RE: Tricky capitalization

Subject: RE: Tricky capitalization
From: Fred Ridder <docudoc -at- hotmail -dot- com>
To: <lauren -at- writeco -dot- net>, <techwr-l -at- lists -dot- techwr-l -dot- com>
Date: Wed, 18 Apr 2012 22:58:22 -0400

In response to Chris Morton, Lauren wrote:

> You were given appropriate answers, but, FYI, "president" is only
> capitalized when it refers to the head of state (or it is at the
> beginning of a sentence).
> Incidentally, you need a comma after "president" in your sentence as
> presented. You would not need this comma if referring to a head of state.

Neither of the "rules" you state as being based on references to heads of state are in agreement with most style manuals.

Chicago Manual of Style (16th) 8.18 says "Civil, military, religious, and professional titles are capitalized when they immediately precede a personal name and are thus used as a part of the name (typically replacing the title holder's first name)." The examples they provide include "General Bradley", "Cardinal Newman", and "Governors Quinn and Paterson", none of whom are heads of state.

Nor is it a rule that the title of a head of state is always capitalized. CMoS 8.20 says "When a title is used in apposition before a personal name--that is, not alone and as a part of the name but as an equivalen to it, usually preceded by _the_ or by a modifier--it is considered not a title but rather a descriptive phrase and is therefore lowercased. Among the examples are "German chancellor Angela Merkel", "former president Carter", and "former presidents Reagan and Ford".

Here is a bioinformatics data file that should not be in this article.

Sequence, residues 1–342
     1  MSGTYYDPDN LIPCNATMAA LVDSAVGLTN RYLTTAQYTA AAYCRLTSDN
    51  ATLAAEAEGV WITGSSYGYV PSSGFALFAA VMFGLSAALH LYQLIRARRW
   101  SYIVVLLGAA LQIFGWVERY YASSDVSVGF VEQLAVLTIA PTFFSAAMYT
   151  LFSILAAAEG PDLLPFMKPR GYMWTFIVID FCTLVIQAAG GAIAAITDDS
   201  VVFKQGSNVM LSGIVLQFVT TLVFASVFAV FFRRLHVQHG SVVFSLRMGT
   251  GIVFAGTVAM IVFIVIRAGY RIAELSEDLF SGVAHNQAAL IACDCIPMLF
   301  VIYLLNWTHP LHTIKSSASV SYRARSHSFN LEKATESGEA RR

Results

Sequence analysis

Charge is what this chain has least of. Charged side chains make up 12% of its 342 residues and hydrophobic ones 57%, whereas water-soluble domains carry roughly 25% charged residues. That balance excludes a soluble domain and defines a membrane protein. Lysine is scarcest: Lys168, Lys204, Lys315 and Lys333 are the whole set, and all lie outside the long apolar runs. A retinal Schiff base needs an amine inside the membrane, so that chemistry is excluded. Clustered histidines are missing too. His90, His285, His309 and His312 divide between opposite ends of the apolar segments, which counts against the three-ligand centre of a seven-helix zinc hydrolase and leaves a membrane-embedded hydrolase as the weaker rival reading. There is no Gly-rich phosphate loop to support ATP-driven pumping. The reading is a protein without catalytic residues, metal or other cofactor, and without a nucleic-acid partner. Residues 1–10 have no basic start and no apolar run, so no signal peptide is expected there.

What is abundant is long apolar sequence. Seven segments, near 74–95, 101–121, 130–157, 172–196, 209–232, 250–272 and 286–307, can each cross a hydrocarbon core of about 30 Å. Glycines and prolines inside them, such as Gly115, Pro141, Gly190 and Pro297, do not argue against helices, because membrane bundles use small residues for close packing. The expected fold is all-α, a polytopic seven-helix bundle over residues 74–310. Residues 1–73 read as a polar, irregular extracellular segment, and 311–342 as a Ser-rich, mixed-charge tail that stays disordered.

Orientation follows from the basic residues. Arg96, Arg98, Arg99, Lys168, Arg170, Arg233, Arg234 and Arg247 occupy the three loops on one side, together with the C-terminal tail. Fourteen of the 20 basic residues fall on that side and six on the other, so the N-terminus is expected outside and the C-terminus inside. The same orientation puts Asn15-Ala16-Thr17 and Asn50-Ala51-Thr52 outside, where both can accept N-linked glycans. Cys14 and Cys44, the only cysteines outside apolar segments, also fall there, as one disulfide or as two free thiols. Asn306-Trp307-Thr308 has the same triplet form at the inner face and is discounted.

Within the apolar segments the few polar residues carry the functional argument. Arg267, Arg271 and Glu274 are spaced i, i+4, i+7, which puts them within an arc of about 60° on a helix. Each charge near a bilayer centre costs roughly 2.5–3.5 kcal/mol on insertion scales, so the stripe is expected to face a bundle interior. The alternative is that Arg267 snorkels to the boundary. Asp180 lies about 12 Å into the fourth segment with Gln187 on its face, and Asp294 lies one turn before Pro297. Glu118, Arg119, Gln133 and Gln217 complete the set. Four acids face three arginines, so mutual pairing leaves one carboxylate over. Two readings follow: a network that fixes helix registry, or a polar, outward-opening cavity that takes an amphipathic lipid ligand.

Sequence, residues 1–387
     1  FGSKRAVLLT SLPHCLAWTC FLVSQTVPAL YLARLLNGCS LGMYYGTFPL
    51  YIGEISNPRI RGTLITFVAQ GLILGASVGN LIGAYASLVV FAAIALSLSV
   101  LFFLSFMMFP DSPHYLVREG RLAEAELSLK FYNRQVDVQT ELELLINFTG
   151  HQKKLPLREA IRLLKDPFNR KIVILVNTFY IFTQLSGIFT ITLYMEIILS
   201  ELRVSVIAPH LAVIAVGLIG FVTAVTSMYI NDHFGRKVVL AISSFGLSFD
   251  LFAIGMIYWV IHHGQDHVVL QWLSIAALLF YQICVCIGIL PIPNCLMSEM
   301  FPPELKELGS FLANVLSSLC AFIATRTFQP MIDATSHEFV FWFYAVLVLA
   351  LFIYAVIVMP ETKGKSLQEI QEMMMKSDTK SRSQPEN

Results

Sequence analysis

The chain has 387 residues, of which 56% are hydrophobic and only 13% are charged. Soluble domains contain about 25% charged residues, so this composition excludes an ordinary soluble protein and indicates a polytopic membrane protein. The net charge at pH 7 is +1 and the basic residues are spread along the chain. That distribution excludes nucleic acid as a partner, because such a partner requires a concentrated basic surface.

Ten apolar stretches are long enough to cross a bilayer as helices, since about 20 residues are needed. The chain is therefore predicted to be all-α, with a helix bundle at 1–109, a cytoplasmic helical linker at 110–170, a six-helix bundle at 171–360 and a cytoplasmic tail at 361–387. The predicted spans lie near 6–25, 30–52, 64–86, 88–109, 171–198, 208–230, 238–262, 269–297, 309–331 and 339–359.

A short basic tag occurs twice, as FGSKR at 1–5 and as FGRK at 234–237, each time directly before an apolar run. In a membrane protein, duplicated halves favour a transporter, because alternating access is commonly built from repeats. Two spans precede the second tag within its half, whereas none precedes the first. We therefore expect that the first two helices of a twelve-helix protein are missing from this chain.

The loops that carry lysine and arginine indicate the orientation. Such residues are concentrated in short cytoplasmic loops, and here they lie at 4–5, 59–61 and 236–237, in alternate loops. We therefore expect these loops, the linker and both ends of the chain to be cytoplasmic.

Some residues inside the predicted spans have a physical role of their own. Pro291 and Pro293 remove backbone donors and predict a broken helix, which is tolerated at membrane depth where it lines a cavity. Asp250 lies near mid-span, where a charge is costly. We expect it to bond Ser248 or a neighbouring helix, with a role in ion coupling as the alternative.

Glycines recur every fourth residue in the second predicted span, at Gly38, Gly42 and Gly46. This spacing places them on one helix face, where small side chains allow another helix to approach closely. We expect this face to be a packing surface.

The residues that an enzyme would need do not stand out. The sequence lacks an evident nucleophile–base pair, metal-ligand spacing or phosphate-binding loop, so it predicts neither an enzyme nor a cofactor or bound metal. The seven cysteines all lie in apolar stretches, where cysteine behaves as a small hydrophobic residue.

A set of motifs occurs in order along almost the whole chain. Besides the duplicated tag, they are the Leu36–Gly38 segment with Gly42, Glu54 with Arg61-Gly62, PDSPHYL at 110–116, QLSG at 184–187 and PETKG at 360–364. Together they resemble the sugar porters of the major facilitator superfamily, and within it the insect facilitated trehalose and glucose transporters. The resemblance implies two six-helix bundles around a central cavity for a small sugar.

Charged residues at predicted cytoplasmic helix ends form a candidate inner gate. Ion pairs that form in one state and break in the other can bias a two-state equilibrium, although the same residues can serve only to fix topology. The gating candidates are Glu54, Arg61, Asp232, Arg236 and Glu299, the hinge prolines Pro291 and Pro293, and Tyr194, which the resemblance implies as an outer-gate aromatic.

Also note that even though the name and title in these latter examples are in apposition (and even described as such), the appositive is *not* set off with commas. These appositives are not set off with commas because they are "restrictive appositives", which CMoS 5.21 defines as one which "cannot be removed from a sentence without obscuring the identity of the word or phrase that the appositive relates to." The examples they give of non-restrictive and restrictive appositives are "Robert Burns, the poet, wrote many songs about women named Mary" vs. "the poet Robert Burns wrote many songs about women."

-Fred Ridder

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Tricky capitalization: From: Chris Morton
Re: Tricky capitalization: From: Lauren

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